Look for the rainbow at the Nevada County Fair
August 9, 2014
Every year, to commemorate the end of summer and the beginning of a new school year, my mother would reluctantly be dragged by my sister and myself to spend a day at the Nevada County Fair, consuming an unhealthy amount of fried food and sugar. So many memories were created on those fairgrounds; not all of them completely happy.
The day I planned to end my life I decided I would visit the fairgrounds one last time to say goodbye to those memories. Years of growing up in a semi-homophobic town had led me down a path of heartache and self-loathing. If no one could love me for who I was, how could I possibly love myself? I am who I am, and who I was, I thought, was a freak.
Many horrible incidents had lined up like dominoes, leading me straight to what I thought was my last night. I wandered around aimlessly planning out every last detail. Everything had to be perfect. I couldn’t mess it up like the last time.
Suddenly out of the corner of my eye, I saw rainbow stickers and a banner that proudly stated “PFLAG,” which stands for Parents, Friends and Family of Lesbians and Gays.
It was the first time I had ever heard of the organization and before I realized it, I had walked straight up to the booth. The woman standing there simply smiled at me and asked me if I had any questions. My mind was racing. Here stood a proud woman standing up for equal rights; standing up for my rights. I didn’t understand.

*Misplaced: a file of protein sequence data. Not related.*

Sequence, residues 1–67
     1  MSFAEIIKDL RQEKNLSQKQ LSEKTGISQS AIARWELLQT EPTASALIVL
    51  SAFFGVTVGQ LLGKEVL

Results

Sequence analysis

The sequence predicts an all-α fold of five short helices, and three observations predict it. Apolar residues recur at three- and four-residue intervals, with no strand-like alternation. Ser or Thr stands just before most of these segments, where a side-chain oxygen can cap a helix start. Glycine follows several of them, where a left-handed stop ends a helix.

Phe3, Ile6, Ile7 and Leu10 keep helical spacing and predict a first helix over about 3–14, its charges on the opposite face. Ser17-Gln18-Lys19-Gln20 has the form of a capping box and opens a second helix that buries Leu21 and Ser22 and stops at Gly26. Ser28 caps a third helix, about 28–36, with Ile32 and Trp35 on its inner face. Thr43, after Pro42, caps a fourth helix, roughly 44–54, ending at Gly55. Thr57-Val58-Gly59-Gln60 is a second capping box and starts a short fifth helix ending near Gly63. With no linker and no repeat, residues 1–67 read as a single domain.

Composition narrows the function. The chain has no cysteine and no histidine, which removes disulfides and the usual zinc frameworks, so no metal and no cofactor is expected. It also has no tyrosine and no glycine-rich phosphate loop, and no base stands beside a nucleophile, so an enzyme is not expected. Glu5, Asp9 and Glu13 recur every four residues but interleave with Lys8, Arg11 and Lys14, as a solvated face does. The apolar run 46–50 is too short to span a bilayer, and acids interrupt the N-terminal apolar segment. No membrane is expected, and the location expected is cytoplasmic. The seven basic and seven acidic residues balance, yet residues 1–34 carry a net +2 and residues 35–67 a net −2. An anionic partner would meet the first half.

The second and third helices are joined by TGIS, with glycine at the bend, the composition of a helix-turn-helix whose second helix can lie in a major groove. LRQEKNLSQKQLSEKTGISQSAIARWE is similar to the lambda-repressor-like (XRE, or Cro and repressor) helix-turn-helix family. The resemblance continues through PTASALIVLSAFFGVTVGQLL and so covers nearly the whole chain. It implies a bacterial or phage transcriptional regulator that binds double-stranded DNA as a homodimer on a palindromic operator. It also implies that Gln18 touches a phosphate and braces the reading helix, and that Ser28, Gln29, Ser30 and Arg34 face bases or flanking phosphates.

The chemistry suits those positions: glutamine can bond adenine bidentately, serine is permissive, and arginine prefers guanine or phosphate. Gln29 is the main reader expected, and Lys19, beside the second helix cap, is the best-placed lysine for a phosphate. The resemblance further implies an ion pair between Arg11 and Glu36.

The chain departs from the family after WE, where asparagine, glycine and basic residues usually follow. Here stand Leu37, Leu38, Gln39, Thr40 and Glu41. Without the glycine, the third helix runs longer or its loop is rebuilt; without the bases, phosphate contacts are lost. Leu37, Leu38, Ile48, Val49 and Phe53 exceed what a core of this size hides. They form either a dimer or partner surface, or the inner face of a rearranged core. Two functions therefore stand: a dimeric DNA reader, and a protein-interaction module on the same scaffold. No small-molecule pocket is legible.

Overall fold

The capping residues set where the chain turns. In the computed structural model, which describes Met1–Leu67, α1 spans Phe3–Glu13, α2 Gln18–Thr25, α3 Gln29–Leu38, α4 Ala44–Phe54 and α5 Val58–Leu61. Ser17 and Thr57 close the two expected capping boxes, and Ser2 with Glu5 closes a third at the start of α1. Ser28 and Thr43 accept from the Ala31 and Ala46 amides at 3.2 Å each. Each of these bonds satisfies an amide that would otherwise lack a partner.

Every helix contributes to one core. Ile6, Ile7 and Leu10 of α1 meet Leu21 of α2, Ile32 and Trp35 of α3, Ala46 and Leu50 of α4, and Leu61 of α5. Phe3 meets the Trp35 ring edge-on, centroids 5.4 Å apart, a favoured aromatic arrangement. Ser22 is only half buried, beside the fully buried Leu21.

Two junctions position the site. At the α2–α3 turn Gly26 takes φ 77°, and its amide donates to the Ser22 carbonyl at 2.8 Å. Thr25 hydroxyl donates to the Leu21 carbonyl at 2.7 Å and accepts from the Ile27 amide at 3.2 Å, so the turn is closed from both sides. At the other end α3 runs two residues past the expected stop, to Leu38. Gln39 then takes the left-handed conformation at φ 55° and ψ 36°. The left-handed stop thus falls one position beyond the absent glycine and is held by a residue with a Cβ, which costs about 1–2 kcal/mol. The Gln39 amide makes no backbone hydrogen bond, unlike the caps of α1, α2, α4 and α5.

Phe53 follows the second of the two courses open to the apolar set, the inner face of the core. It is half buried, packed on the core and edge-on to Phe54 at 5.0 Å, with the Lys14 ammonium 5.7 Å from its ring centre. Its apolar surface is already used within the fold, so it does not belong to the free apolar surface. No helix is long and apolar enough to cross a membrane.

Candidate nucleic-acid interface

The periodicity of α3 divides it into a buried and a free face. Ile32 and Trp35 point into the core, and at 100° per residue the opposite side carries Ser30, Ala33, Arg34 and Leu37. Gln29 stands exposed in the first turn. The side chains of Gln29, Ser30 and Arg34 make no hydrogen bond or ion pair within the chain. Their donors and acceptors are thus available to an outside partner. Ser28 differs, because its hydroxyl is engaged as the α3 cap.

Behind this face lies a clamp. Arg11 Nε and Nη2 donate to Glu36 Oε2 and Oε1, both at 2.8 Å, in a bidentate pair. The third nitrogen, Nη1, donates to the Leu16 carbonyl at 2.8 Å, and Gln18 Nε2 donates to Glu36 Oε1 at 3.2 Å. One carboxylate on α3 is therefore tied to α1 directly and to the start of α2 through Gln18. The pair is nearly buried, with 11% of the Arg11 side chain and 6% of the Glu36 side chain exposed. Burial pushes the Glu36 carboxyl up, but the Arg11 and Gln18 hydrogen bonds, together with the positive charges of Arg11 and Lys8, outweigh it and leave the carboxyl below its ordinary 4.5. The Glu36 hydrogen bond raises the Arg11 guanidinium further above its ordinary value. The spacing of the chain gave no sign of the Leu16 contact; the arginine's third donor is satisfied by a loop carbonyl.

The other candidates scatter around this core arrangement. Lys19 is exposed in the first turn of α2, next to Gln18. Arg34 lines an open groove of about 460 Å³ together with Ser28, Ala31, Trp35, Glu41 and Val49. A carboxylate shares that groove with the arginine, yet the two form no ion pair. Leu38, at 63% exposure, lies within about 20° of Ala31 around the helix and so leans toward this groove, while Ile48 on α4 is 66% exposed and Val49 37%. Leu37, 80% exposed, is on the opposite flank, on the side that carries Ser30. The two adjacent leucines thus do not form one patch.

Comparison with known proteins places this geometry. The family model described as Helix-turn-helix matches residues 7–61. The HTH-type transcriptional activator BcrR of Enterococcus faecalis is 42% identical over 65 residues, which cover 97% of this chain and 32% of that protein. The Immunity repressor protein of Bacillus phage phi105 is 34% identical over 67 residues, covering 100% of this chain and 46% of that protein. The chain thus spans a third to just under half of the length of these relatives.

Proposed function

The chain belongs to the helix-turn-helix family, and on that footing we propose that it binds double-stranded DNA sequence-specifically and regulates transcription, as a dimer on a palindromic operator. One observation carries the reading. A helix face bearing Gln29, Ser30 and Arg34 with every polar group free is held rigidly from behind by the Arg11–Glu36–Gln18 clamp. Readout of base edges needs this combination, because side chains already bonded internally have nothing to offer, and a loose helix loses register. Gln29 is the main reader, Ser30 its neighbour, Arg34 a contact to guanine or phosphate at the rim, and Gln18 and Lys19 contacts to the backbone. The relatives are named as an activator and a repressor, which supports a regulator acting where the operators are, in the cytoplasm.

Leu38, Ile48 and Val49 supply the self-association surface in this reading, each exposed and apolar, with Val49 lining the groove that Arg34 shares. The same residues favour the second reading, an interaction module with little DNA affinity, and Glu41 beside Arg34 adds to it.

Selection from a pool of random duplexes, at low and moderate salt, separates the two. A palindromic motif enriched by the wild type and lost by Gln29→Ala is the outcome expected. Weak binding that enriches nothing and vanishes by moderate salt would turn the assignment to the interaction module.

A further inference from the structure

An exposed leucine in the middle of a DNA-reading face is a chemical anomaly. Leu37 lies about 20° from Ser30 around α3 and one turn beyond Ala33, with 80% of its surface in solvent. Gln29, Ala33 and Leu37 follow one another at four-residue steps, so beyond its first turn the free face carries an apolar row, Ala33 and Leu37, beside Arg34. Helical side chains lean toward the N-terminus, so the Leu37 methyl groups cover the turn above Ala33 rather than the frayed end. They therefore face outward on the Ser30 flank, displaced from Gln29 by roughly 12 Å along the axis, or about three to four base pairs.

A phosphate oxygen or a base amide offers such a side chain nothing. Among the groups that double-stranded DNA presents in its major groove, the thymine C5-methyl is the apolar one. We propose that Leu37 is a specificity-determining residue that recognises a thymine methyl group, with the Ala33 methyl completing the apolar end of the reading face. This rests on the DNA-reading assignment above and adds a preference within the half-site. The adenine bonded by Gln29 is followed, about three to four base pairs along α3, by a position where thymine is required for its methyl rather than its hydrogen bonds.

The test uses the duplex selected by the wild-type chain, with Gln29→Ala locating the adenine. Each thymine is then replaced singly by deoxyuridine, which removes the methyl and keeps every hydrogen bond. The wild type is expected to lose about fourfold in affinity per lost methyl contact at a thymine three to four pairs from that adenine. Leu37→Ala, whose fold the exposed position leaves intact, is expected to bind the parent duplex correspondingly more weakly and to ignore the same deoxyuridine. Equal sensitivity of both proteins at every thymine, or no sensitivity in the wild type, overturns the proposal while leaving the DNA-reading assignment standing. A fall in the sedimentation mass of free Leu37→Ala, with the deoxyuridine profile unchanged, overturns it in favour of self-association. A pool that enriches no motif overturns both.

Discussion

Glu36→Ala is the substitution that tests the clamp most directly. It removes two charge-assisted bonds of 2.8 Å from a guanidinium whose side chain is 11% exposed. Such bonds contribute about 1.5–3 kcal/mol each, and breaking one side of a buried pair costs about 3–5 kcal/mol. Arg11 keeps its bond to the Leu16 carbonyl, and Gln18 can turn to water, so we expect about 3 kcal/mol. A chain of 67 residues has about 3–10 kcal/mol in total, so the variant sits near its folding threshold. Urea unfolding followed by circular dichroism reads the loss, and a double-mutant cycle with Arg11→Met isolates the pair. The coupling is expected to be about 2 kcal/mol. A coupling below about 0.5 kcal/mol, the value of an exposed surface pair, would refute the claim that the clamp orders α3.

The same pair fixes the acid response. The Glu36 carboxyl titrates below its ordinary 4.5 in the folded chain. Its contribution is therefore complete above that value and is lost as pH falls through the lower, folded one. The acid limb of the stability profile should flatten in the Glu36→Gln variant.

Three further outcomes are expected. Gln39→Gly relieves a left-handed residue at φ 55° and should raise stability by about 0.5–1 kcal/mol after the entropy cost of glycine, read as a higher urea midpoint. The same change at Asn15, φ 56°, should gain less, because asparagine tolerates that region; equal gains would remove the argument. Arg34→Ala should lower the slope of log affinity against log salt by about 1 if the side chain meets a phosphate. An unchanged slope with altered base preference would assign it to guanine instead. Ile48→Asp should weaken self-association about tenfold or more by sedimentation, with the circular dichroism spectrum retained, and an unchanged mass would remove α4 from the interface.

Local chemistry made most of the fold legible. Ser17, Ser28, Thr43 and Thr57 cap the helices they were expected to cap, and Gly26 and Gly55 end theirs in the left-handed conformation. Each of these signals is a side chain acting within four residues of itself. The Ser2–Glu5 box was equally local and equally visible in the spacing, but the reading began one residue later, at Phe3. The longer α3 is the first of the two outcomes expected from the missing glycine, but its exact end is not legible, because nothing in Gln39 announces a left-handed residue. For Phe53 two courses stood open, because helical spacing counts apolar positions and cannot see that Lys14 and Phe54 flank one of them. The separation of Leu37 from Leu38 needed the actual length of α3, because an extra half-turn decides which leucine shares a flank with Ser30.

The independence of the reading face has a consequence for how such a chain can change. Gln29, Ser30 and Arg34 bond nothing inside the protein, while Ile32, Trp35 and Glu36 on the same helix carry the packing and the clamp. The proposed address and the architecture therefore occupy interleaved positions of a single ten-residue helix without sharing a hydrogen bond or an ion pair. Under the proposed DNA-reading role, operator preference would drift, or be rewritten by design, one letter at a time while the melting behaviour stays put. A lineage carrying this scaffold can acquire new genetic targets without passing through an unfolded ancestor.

“Are you happy being open?” I asked her.
She seemed a little confused by my whispered question but she merely smiled and nodded enthusiastically. If my mind had been racing before, it had officially shut down now. How? How could she be happy? I’m a disgusting person! I’m not allowed to be happy!
Then it hit me. This woman standing in front of me was smiling. When was the last time I had done that? Did she not see that there was something wrong with me?
But what exactly was wrong with me to begin with? Nothing! I am who I am. I am flawed. I am emotional. I am wounded. I am human.
After years of being told I was worthless and believing it, I finally had a light at the end of the tunnel. If this woman could be happy and love herself then maybe so could I.
I ended up spending a few more hours wandering around, second-guessing myself and switching back and forth, but in the end I went home and started my never-ending journey of recovery. PFLAG may not have single-handedly saved my life, but I can honestly say without it and Lori Ennis’ radiant smile I would not be here today getting ready to help man the PFLAG booth for the 2014 Nevada County Fair.
For anyone out there feeling lost, or just needing a boost, remember: You are who you are, and who you are is beautiful.
Anna Lacey lives in Auburn.